If you have thought about making that herb garden a reality, know that the endeavor isn’t much work, and you can have a beautiful garden that produces just-picked herbs just steps away. All you need is a windowsill, a bright window and a few helpful tips and you will have your fresh ingredients right where you need them.
Many suggest to plant only your favorite herbs, perhaps limiting yourself to up to five, so you will have a vested interest in keeping them well-cared for. Among the most popular are oregano, rosemary, basil, chives, cilantro and parsley). Groupings
Depending on the size of your containers or planters, it’s a good idea to group together plants that need the same amount of water and fertilizer. Put draught-resistant Mediterranean plants (such as oregano, rosemary, thyme and marjoram) together in one container and herbs that need more of each (like parsley, basil, cilantro, chervil) in another.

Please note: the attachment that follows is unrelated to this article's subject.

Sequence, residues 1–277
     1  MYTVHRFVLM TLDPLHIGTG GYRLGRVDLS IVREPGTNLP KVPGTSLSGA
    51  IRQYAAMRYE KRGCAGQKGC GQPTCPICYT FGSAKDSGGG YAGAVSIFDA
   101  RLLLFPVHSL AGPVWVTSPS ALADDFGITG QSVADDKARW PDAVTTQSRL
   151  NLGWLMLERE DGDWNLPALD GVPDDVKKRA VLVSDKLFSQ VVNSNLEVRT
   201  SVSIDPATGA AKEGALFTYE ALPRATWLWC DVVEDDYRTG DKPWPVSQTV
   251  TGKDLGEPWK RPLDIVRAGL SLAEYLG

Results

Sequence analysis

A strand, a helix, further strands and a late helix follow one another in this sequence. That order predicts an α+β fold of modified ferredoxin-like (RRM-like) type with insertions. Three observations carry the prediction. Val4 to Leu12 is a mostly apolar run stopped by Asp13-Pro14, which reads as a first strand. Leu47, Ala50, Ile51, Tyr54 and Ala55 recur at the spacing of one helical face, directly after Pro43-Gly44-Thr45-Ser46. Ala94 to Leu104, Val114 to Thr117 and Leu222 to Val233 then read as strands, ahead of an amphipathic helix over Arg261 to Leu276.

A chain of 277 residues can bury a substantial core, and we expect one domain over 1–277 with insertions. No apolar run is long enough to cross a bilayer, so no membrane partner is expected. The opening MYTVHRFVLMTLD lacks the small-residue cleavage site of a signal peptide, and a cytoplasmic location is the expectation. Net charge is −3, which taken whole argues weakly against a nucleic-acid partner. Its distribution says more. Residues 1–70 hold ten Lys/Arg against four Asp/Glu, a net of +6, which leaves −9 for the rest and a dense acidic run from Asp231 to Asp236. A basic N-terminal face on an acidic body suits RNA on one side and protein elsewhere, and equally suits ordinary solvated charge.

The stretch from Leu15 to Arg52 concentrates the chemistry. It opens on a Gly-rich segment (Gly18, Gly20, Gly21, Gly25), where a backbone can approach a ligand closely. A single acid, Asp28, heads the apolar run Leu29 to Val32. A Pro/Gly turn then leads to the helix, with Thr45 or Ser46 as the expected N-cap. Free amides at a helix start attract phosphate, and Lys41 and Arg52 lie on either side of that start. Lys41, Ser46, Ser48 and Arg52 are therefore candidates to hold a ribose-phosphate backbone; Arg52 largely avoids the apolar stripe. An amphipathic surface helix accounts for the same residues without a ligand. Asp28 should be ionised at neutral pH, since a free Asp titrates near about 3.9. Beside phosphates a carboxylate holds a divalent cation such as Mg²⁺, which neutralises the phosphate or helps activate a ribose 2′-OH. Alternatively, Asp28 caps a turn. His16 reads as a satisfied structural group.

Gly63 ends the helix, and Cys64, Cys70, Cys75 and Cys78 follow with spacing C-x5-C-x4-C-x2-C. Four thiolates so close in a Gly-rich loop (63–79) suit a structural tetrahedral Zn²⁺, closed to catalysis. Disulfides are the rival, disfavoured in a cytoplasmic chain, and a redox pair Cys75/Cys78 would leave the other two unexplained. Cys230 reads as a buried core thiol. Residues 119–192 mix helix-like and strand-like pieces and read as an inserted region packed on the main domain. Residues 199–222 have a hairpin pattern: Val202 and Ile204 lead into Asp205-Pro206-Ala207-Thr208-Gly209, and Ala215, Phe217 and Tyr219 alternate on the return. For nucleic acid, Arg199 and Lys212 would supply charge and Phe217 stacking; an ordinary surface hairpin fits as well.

Any style of container will do, just make sure there is proper drainage (such as holes in the bottom). Fill the containers with a shallow layer of rocks for drainage, followed by the soil. Use waterproof saucers like plastic or clay (such as terra cotta) with a thin layer of rocks to catch excess drainage. Soil Matters
Choose a good quality, high-draining type of soil.
If you’re starting with seeds use a seed-starting mix or a potting soil, or a 50:50 mix of the two. Avoid using garden soil, which can contain diseases.
A sunny, South-facing window will do for most herbs. Most need at least five to six hours of sunlight daily. If you don’t have a window, fluorescent lights can be used to supplement natural lighting.
Water your herb plants sparingly, as most do not like to sit in wet soil. If the soil feels dry an inch or two below the surface, it’s time to water. Otherwise, let them be. Always try to water until the excess water starts to drain out the bottom of the container.